"There is neither credibility nor seriousness in negotiations in which Israel predetermines the results via its settlement activities and the occupation’s brutality," he added.

Resolution, but no deadline

Abbas further called for "a comprehensive, credible" strategy against terrorism - including what he called Israeli "state terrorism."

"It is an urgent matter that requires much more than condemnations and declarations of positions, which are of course necessary," he said. "…It requires, in this context and as a priority, bringing an end to the Israeli occupation of our country, which constitutes in its practices and perpetuation, an abhorrent form of state terrorism and a breeding ground for incitement, tension and hatred."

In his speech, Abbas introduced a resolution, to be submitted to the UN Security Council, aimed at ending the Israeli-Palestinian conflict and the Israeli occupation.

"This endeavor aspires to correct the deficiency of the previous efforts to achieve peace by affirming the goal of ending the Israeli occupation and achieving the two-state solution, of the State of Palestine, with East Jerusalem as its capital, over the entire territory occupied in 1967, alongside the State of Israel and reaching a just and agreed upon solution to the plight of the Palestine refugees on the basis of resolution 194, with a specific timeframe for the implementation of these objectives as stipulated in the Arab Peace Initiative.

"This will be linked to the immediate resumption of negotiations between Palestine and Israel to demarcate the borders, reach a detailed and comprehensive agreement and draft a peace treaty between them."

Senior Palestinian officials told Haaretz after the speech that Abbas sought to avoid a confrontation with the U.S. over the resolution, which is why he did not set a specific timeframe, but only demanded that one be set. The decision was evidently made after Abbas met several world leaders at the UN, including U.S. Secretary of State John Kerry.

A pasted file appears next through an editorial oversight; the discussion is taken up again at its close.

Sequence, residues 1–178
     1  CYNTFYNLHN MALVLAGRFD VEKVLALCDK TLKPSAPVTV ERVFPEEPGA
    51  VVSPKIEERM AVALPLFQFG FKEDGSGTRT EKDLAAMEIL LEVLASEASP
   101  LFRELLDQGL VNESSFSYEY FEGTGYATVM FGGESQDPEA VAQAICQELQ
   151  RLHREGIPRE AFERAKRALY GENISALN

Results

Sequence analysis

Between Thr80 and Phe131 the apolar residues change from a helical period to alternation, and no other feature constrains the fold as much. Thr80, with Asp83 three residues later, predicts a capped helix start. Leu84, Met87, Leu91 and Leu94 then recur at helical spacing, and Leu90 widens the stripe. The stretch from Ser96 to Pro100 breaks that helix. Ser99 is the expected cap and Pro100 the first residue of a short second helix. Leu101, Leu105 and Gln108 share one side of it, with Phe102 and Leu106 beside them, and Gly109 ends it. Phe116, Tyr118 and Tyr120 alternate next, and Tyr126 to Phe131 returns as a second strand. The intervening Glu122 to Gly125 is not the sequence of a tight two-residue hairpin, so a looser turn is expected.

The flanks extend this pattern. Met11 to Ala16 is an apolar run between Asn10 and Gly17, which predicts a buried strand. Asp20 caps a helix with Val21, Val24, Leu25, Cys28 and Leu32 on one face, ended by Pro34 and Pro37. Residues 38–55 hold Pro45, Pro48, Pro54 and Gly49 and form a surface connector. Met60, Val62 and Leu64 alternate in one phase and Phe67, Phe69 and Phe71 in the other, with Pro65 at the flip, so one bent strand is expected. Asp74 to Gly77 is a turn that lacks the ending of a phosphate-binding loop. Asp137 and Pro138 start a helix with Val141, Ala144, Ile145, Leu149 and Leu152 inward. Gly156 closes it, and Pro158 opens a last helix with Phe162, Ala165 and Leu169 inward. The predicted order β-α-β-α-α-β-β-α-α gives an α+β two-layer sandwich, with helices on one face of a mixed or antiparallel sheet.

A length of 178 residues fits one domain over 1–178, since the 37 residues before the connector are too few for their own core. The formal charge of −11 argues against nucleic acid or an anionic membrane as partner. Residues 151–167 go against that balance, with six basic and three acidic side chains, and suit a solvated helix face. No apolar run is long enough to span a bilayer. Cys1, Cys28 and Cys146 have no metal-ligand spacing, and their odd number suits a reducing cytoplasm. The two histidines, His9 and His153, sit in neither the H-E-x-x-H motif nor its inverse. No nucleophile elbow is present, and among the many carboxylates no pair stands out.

One senior Palestinian official said that the Palestinian delegation was aware of the U.S.' intention to veto any such unilateral move, should it garner a majority at the Security Council. 

The Associated Press contributed to the report


Israel’s moment of choice

by Dr. Husam Zomlot        26 September 2014    Haaretz 

A ruined house in Shejaiya, Gaza.

A Palestinian boy sits inside the ruins of his family house which was destroyed during the 50 days of conflict between Israel and Hamas, in the Shujaiyeh neighborhood of Gaza City, on Sept. 24, 2014. Photo by AFP


When the Palestinian consensus government was sworn in on 2 June 2014, ending seven years of Palestinian political and institutional division, Israel’s Prime Minister Benjamin Netanyahu immediately rejected it, telling Palestinian President Mahmoud Abbas in a public statement that he must choose between peace and Hamas.

In the wake of Israel’s brutal war on Gaza, however, even Netanyahu’s right-wing government now understands that a unified Palestinian government is in everyone’s interest, including Israel’s. The real choice today is not between peace and Hamas but between occupation and freedom. The time has come for Israel to choose between a deteriorating status quo that promises only continued confrontations and further isolation for Israel or a path toward genuine peace and security for Israelis and Palestinians alike by ending Israel’s military occupation once and for all.

Unlike Netanyahu’s coalition, which includes ministers explicitly opposed to the creation of two states, the Palestinian government was formed on a peace agenda: recognizing Israel on the pre-1967 borders, renouncing violence, adhering both to international law and previous agreements signed with Israel. Bringing Hamas and other Palestinian factions together on such terms was the Palestinian gift to the prospects of real peace, and the only solution to ending the division that has plagued the Palestinian people.

For Netanyahu, 'peace' means returning to the status quo ante: Gaza besieged and severed from the West Bank as the latter continues to be colonized under a smokescreen called the 'peace process.'

A unified Palestinian government administering both Gaza and the West Bank as one integral territory is not an option but a national obligation and an international demand. While such a government was imperative for addressing Gaza’s accumulated problems and sheer human suffering before the war as a result of Israel’s criminal siege, it has become the only life line for both Gaza and the West Bank after Israel’s military onslaught on both areas this summer. No other entity has the domestic and international legitimacy to help end the siege on Gaza, provide relief and reconstruction for the 1.8 million Palestinians while reintegrating Gaza with the West Bank, and address the legitimate security requirements of Palestinians.